MELBOURNE, Australia—Serena Williams has never lost in the semi-finals of the Australian Open.
Neither has Novak Djokovic.
A key difference between the defending champions is that Williams beat the most-experienced and highest-ranked challenger in her half of the draw when she extended her streak to 18-consecutive wins against Maria Sharapova with a 6-4, 6-1 quarter-final victory earlier today.
Williams said she wasn’t aware that she had won the Australian Open all six previous times she won her quarter-final match, “but that’s good.”
“It’s not a stat that’s set in stone,” Williams said.
“I still have to win two matches.”
But five-time champ Djokovic, after beating No. 7 Kei Nishikori 6-3, 6-2, 6-4, still has a daunting semi-final match against Roger Federer, who has won four of his 17 Grand Slam titles in Australia.
Federer reached his 12th Australian Open semi-final, and 39th in a Grand Slam event, with a 7-6 (4), 6-2, 6-4 win over No. 6 Tomas Berdych.
He hasn’t gone past the semi-finals at Melbourne Park since winning the title in 2010, but he’s a serious obstacle for Djokovic.
They’re tied at 22-all in career head-to-head matches, with Djokovic catching up since usurping Federer in the rankings.
The tie-breaker will be tricky. Djokovic lost only one of his 28 Grand Slam matches in 2015—to Stan Wawrinka in the French Open final—and has won 37 of his last 38 matches at Melbourne Park, a run that includes four titles.
He beat Federer in the Wimbledon and U.S. Open finals last year, but Federer was back contending for titles.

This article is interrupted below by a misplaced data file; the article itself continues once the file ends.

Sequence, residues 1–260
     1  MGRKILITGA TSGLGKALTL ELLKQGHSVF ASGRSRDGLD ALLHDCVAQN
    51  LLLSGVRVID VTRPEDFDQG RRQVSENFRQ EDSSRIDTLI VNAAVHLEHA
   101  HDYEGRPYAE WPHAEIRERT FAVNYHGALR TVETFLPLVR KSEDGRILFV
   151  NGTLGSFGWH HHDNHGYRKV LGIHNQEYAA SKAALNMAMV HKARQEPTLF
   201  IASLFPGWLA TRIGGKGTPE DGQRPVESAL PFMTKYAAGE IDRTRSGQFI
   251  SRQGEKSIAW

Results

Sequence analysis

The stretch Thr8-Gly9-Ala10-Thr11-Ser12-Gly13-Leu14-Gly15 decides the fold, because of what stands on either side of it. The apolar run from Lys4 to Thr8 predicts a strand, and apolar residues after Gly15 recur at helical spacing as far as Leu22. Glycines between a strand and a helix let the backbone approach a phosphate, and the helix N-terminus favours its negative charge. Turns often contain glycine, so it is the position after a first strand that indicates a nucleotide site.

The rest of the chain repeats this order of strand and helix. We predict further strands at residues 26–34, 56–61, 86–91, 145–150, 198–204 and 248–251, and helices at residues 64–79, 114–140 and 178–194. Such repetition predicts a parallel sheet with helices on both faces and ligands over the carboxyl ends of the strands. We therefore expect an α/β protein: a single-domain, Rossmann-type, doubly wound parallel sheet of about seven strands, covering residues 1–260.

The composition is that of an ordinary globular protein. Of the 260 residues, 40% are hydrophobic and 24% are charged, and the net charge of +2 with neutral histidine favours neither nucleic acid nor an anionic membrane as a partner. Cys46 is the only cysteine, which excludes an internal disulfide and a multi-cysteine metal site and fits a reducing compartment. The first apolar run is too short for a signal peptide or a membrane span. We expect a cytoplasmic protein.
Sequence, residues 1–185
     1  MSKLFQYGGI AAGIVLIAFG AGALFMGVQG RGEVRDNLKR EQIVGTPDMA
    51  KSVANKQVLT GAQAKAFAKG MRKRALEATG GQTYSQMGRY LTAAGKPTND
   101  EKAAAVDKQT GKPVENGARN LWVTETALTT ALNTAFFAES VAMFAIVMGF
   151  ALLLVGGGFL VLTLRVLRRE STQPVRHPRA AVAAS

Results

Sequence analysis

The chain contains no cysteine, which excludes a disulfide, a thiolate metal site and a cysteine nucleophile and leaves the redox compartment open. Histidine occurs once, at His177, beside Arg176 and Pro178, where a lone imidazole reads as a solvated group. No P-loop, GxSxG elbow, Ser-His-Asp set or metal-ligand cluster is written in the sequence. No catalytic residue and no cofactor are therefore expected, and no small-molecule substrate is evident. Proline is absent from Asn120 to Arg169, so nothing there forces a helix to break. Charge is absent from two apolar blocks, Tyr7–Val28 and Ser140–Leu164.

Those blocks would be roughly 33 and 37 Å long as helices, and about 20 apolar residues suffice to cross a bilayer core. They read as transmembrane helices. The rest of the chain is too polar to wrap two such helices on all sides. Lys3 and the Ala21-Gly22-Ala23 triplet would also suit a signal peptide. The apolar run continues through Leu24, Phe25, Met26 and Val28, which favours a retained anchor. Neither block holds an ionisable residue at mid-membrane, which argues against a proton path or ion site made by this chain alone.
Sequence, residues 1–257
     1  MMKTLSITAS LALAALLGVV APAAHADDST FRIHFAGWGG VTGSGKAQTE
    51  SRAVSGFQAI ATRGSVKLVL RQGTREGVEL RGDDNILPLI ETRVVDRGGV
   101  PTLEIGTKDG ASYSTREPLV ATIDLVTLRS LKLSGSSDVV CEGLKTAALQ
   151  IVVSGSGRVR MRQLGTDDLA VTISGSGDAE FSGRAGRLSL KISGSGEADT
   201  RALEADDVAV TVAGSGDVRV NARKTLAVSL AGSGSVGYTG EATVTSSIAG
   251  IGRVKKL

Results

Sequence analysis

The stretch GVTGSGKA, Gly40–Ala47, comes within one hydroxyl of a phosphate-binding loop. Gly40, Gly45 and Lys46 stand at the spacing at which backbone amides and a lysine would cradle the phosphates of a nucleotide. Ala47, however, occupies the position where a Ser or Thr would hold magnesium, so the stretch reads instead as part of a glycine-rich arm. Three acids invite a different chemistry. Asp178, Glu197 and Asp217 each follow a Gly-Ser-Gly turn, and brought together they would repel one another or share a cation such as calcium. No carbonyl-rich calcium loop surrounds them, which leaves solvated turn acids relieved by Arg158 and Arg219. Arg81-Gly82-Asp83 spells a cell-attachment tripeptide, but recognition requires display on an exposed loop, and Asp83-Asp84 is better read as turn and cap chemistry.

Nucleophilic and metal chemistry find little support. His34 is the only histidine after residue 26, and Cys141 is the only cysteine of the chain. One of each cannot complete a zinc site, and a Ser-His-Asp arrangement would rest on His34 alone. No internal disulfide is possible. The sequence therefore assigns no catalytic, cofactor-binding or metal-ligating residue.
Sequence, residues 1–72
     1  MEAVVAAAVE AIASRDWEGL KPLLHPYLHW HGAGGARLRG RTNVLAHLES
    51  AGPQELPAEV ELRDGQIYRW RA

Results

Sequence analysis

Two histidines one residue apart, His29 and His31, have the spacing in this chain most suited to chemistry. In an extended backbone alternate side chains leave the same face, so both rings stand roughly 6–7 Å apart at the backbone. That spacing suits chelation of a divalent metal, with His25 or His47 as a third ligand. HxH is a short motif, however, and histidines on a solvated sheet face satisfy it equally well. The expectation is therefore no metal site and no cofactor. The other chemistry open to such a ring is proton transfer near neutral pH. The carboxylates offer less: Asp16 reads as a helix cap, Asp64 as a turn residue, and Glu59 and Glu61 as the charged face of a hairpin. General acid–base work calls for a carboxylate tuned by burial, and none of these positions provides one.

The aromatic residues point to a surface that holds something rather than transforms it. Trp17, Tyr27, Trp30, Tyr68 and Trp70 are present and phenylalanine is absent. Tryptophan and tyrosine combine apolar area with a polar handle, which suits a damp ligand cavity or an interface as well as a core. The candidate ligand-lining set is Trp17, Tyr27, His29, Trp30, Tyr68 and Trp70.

“Any round feels like finals because of the fact that we are, you know, big rivals, we played so many times against each other,” Djokovic noted.
“There’s a lot of tension. There’s a lot at stake,” he added.
“I’m expecting a great fight in two days.”
In men’s doubles action, Vancouver’s Vasek Pospisil and American partner Jack Sock lost their quarter-final match to Spain’s Marcel Granollers and Uruguay’s Pablo Cuevas in three sets.
In the women’s semi-finals, Williams will be facing fourth-seeded Agnieszka Radwanska, who beat No. 10 Carla Suarez Navarro 6-1, 6-3.
Radwanska has won one of her previous four semi-finals at a major but never won a Grand Slam title.
Williams is 8-0 against Radwanska, including their meeting in the 2012 Wimbledon final.
Williams said she couldn’t explain her 11-year domination of Sharapova—she has won 19 of their 21 meetings overall—except to say she rises to the big challenges.
“When I play her, I know automatically I have to step up my game,” said Williams, a 21-time major winner.
“I think that makes me play better.
“When I’m forced to play better, I do well,” she reasoned.
Sharapova, meanwhile, hasn’t given up hope of breaking a drought against Williams that goes back to 2004.
“It’s motivating because she’s at a different level,” Sharapova said.
“She makes you go back to the drawing board, not just for me but for many other players,” she noted.
“She [Williams] makes you work. That’s inspiring.”